The Third Circuit issued an important medical monitoring decision yesterday. Sheridan v. NGK Metals Corp., 2010 WL 2246392 (3d Cir. June 7, 2010). Although this case does not involve a drug or a device, several rulings should prove useful to lawyers who handle drug and device cases. To get the key points of this hot little decision in your hands quickly, we’ll cut right to the chase without Monty Python clips, exercises in alliteration, or references to our favorite movies. Believe it or not, that stuff takes time.

One plaintiff in Sheridan worked at a beryllium plant for many years; another pair of plaintiffs lived near a beryllium plant. They brought separate putative class actions alleging they were exposed to beryllium above background levels and seeking medical monitoring for chronic beryllium disease, or CBD. Plaintiffs did not have either CBD or beryllium sensitization, a precursor to CBD. In order to develop CBD, a person first must have a genetic marker that recognizes beryllium in the lungs as an antigen, be exposed to beryllium, and develop beryllium sensitization. Beryllium sensitization itself is asymptomatic, and only some persons with beryllium sensitization will end up developing CBD. As you can imagine, the parties’ experts had different opinions about the likelihood of developing beryllium sensitization from beryllium exposure and the likelihood of developing CBD after beryllium sensitization. Nonetheless, the district court granted summary judgment on the medical monitoring claim.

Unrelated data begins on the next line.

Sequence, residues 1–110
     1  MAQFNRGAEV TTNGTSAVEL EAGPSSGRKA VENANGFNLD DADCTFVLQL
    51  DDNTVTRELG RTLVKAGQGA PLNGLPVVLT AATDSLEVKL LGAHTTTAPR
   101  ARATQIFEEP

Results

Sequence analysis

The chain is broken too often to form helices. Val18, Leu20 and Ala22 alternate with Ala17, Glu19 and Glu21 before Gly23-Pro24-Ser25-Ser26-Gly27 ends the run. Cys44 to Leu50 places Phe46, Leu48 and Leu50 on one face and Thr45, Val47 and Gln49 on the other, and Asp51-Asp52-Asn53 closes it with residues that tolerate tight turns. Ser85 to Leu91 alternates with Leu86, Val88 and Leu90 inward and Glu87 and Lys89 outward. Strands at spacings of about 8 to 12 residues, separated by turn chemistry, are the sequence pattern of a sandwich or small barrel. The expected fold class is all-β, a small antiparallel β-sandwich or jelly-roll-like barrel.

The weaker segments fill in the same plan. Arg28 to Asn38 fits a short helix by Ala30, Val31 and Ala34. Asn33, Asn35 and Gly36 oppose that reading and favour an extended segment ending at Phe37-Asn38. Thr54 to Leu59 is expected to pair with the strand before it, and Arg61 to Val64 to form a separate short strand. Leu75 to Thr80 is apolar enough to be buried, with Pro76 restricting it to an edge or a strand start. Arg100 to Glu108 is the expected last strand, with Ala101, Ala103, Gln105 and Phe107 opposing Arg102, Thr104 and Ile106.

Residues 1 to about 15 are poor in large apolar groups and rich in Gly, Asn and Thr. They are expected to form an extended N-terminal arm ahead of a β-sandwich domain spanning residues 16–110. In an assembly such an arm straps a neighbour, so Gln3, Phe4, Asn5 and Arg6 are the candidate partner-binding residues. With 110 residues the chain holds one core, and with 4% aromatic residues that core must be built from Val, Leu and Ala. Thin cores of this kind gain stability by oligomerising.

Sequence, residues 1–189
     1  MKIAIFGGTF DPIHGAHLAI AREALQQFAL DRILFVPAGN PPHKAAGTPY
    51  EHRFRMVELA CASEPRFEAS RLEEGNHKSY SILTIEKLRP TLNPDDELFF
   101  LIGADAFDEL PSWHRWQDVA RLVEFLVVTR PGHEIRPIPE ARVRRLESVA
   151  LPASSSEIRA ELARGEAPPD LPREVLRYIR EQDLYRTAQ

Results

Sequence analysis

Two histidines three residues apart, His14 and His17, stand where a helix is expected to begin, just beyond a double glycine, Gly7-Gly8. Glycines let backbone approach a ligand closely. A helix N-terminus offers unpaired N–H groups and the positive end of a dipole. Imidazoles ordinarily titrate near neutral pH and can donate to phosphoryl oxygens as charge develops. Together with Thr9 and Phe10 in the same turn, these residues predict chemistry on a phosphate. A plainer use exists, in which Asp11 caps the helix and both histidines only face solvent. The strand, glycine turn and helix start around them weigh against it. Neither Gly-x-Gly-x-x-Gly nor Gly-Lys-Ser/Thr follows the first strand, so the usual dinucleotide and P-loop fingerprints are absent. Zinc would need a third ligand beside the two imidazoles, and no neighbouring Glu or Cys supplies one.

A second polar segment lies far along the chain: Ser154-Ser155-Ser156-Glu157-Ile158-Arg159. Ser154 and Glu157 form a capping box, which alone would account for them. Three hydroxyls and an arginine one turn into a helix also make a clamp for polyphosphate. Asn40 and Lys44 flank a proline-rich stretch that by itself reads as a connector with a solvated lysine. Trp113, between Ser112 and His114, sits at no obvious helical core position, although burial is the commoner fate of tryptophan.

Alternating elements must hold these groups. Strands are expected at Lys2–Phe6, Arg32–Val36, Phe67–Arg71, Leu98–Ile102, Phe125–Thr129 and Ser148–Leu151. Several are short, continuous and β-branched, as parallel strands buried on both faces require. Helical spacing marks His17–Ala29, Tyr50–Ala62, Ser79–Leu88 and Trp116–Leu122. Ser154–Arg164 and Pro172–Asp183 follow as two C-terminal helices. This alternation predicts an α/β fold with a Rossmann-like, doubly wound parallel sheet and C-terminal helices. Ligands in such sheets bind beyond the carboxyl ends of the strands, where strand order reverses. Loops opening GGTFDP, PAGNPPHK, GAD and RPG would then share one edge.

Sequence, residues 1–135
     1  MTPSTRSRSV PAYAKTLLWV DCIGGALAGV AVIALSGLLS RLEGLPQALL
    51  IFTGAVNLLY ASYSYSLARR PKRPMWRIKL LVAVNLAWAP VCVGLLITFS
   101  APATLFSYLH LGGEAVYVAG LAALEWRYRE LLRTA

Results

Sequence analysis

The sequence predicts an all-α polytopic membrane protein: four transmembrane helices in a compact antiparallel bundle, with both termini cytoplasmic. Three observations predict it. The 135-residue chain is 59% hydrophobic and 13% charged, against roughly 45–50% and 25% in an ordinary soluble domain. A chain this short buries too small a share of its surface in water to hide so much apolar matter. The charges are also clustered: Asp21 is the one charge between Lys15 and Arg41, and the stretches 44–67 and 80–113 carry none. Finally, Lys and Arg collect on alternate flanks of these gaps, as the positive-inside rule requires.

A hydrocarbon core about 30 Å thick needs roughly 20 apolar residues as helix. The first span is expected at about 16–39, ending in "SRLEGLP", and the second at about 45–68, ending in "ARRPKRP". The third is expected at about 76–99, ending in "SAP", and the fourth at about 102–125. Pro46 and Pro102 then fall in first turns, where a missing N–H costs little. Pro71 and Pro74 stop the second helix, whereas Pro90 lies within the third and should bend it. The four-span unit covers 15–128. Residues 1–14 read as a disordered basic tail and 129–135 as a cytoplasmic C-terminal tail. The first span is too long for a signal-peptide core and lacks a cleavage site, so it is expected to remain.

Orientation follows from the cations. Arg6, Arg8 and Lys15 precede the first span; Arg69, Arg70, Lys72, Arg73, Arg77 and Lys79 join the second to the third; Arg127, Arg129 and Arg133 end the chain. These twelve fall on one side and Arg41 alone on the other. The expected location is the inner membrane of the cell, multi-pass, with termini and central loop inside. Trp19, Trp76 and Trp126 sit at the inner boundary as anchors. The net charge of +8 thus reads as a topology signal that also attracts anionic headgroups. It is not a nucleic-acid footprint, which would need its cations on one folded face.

The primary question on appeal was whether plaintiffs could sustain their medical monitoring claims under Pennsylvania law. Pennsylvania recognizes medical monitoring claims if a plaintiff can prove seven elements (legal elements, not elements like beryllium), including that “as a proximate result of the exposure, plaintiff has a significant increased risk of contracting a serious latent disease.” 2010 WL 2246392 at *7. For the Sheridan plaintiffs, the key question was whether a person exposed to beryllium above background levels but who did not have beryllium sensitization had a significantly increased risk of contracting CPD.